Winter greens: P.E.I. farmers taking a more year-round approach
Fresh produce into the winter and earlier in the spring
The first snow is down across Prince Edward Island, but that doesn't mean you can't enjoy a good, Island-grown salad.
More P.E.I. farmers are extending the growing season, using greenhouses or covering fields in plastic, and lettuce is a particularly good candidate for late-season growing.
"The greens are actually sweeter," said Amy Smith of Heart Beet Organics in Darlington, in central Queens County.
"They are higher quality than the greens we grow in the summer months. A lot of them just seem to actually prefer the cooler conditions."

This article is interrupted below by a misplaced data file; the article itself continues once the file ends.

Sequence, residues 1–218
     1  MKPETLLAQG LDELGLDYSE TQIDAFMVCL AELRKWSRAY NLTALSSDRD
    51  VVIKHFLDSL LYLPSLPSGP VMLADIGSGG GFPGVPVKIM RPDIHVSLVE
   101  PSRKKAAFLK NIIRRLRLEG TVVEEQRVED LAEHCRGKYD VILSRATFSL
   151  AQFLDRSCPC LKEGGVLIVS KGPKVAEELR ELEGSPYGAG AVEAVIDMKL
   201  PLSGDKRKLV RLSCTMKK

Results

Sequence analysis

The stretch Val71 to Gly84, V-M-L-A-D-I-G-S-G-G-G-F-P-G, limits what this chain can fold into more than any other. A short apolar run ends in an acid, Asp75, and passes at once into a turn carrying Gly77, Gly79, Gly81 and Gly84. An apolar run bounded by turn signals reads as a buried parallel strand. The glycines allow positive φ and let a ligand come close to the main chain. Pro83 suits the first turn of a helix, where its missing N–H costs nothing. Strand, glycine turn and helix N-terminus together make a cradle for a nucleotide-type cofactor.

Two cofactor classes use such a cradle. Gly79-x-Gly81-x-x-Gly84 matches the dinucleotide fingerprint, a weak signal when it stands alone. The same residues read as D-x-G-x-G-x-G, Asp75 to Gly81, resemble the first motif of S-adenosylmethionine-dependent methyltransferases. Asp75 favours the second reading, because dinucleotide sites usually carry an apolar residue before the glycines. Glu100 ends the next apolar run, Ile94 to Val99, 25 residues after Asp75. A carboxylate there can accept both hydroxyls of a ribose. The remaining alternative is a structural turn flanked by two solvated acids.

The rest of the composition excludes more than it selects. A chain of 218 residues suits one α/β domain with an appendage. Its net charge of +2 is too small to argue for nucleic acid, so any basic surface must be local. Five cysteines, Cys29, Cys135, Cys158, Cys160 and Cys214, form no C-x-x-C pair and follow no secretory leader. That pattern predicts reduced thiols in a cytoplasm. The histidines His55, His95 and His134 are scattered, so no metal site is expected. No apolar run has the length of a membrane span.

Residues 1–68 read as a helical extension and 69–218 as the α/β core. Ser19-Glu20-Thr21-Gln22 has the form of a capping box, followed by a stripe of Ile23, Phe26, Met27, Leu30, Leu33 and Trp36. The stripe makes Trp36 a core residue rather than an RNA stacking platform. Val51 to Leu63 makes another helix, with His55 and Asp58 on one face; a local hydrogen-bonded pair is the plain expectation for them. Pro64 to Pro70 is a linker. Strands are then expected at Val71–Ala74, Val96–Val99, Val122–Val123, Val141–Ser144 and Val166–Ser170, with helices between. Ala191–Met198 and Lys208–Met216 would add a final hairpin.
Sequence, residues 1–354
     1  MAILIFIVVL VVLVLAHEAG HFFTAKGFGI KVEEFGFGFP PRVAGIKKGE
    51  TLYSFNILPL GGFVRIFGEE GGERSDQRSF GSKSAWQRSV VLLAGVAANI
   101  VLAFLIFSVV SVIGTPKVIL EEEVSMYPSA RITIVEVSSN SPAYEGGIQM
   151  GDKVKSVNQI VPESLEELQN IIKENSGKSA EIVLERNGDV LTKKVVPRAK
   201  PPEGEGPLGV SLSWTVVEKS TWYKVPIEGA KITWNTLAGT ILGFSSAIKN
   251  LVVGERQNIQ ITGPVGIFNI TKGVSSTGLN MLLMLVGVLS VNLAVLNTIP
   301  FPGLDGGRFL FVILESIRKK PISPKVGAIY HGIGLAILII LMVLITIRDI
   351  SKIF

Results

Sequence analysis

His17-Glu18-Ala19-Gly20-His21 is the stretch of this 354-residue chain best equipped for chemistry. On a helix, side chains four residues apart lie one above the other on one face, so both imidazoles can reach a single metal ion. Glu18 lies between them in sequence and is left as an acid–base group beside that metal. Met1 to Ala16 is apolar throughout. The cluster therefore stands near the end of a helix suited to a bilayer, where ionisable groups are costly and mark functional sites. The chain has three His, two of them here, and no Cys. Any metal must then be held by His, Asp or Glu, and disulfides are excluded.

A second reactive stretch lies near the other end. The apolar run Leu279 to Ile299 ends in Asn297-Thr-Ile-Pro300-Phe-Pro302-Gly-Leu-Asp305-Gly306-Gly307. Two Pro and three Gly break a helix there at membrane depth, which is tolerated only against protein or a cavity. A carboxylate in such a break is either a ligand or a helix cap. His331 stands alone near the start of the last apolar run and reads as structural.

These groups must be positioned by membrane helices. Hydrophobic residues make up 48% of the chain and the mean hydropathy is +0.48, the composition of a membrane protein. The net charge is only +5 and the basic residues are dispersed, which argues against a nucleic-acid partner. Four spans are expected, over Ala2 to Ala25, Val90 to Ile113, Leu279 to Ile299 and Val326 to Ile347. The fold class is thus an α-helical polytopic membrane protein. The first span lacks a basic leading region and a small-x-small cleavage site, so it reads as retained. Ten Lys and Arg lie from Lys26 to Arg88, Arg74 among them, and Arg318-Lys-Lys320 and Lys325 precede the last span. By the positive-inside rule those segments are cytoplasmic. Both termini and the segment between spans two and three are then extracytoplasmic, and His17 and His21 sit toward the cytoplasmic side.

Smith and her partner Verena Varga have been farming in the winter for six years. Apart from the obvious benefits of adding months where they are earning income, there are also fewer concerns with bugs and weeds.
Planting season has already started
Jennifer Campbell of Wilmot Valley is experimenting with extending her season this year. Campbell said her customers appreciate the quality of local produce.
"One thing I hear time and time again is, your greens, they just last so long," said Campbell.
"People are saying … I can buy your greens and I don't have to throw them out."
Heart Beet Organics will experiment next year with using winter farming to get produce out of the ground earlier. They are planting onions now that will overwinter in the field and be ready to harvest in June.
"The biggest boon is just that there's such a huge demand for it," said Smith.
"Our customers are so excited to see us at the farmers' market on Saturdays, and to know they can get really high quality lettuce greens at this time of year."
With files from Stephanie Brown